Under the terms of the contract modification, Electric Boat will provide design agent, planning yard, engineering and technical support for nuclear submarines. Electric Boat will also provide planning, scheduling and technical support for submarine maintenance activities. Initially awarded March 3, the contract could be worth more than $1.1 billion over five years if all options are exercised and funded.

Eighty-five percent of the work will be performed at Groton, Conn.; 8 percent at Kings Bay, Ga.; 6 percent at Bangor, Wash.; and 1 percent at Quonset Point, R.I. Work performed under this modification is expected to be completed by September 2006.

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Jimmy Carter, third and final Seawolf submarine, to be christened June 5
(June 1, 2004)

Electric Boat will christen the Jimmy Carter (SSN23), the U.S. Navy's newest and most advanced nuclear attack submarine, at a ceremony at its Groton, Conn., shipyard Saturday, June 5, at 11 a.m.

Ship sponsor is Rosalynn Carter, the wife of former President Jimmy Carter, who will also participate in the ceremony. The event's principal speaker is James R. Schlesinger, who served under President Carter as the nation's first secretary of energy. Capt. (select) Robert D. Kelso, a 1983 graduate of Virginia Tech, is the ship's prospective commanding officer.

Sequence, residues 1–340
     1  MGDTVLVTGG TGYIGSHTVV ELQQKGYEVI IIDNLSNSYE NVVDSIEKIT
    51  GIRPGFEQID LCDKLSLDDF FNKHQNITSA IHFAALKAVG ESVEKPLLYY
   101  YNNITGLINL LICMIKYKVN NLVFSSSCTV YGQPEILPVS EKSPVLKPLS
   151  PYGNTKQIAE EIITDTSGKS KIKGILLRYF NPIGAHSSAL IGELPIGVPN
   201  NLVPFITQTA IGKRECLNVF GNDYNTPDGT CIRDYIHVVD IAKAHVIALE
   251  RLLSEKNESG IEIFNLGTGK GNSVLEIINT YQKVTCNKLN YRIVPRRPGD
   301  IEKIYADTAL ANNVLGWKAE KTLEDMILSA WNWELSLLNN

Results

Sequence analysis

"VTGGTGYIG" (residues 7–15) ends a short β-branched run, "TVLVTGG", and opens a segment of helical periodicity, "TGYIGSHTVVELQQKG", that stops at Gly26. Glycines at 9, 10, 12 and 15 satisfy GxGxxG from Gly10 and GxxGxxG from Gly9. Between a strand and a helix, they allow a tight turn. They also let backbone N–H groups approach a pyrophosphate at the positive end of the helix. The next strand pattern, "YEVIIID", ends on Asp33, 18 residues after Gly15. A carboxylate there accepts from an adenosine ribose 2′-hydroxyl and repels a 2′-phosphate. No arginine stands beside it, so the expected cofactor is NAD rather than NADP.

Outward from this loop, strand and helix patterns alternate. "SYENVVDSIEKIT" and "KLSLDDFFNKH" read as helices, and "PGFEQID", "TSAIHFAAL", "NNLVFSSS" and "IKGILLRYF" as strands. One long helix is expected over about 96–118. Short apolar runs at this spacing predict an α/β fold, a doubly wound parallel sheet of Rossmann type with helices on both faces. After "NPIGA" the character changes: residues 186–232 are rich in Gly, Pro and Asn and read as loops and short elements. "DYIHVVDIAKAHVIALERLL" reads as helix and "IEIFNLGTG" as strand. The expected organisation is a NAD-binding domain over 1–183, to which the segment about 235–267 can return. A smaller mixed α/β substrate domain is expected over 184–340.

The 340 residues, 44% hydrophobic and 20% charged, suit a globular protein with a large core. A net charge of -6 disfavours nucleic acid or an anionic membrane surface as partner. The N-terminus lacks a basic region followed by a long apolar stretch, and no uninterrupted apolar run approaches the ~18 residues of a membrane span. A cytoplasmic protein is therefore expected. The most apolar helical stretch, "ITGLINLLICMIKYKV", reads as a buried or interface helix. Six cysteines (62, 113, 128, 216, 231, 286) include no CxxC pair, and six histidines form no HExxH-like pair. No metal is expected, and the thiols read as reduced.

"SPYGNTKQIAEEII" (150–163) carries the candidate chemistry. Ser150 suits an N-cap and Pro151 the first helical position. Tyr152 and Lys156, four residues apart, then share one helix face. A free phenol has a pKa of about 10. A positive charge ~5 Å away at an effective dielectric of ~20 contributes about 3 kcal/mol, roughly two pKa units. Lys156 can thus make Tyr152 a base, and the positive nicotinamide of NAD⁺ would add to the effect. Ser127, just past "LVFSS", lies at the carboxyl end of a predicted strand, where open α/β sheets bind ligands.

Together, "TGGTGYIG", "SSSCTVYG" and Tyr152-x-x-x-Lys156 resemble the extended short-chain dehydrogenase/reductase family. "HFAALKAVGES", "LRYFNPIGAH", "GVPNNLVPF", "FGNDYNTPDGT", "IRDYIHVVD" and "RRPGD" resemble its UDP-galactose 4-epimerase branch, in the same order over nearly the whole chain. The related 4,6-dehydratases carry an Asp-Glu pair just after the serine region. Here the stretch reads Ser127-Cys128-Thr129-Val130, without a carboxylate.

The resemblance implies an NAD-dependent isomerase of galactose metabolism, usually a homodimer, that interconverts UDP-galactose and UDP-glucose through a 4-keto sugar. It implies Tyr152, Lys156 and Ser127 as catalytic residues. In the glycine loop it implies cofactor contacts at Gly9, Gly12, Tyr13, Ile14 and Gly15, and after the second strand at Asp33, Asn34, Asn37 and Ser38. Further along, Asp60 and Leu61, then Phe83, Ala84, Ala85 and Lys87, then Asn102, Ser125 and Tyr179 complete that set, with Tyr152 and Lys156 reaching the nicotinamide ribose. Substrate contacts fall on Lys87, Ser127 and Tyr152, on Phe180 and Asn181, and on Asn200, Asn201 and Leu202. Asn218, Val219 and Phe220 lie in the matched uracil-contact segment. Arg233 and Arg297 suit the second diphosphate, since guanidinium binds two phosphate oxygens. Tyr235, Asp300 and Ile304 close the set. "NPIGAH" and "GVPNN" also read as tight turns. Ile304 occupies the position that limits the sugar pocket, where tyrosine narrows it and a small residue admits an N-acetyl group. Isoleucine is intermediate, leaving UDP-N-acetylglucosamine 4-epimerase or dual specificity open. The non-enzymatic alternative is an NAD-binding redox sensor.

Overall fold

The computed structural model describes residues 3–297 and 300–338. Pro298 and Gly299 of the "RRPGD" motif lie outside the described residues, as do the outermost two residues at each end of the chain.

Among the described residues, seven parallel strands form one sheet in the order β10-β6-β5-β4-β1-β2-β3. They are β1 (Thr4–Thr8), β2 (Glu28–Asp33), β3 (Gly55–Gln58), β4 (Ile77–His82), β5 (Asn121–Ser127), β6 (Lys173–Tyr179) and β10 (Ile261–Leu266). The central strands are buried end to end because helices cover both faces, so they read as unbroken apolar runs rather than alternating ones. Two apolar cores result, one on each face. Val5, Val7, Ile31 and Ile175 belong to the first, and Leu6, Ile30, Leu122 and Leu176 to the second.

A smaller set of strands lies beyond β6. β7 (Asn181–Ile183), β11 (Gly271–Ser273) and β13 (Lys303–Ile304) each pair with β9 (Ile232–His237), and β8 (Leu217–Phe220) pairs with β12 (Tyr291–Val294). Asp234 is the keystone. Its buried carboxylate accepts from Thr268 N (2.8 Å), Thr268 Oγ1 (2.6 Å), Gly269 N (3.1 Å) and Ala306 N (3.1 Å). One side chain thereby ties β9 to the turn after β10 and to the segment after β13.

The Jimmy Carter honors the 39th president of the United States - the only submarine-qualified man who went on to become the nation's chief executive. As the last and most advanced of the three-ship Seawolf class, the Jimmy Carter will have built-in flexibility that gives it the power to prevail in any scenario and against any threat - from beneath Arctic ice to shallow water.

Differentiating the Jimmy Carter from all other undersea vessels is its Multi-Mission Platform (MMP), which includes a 100-foot hull extension that enhances payload capability, enabling it to accommodate advanced technology required to develop and test an entirely new generation of weapons, sensors and undersea vehicles.

Additionally, a dedicated and reconfigurable electronics suite using commercial off-the-shelf technology and open architecture will make it easy to accommodate future payloads and sensors.

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Electric Boat, MTC agree to safety incentive
(May 28, 2004)

Under the terms of an agreement reached between Electric Boat and the Metal Trades Council, bargaining-unit employees will receive cash payments of at least $150 if certain shipyard safety goals are achieved for the year.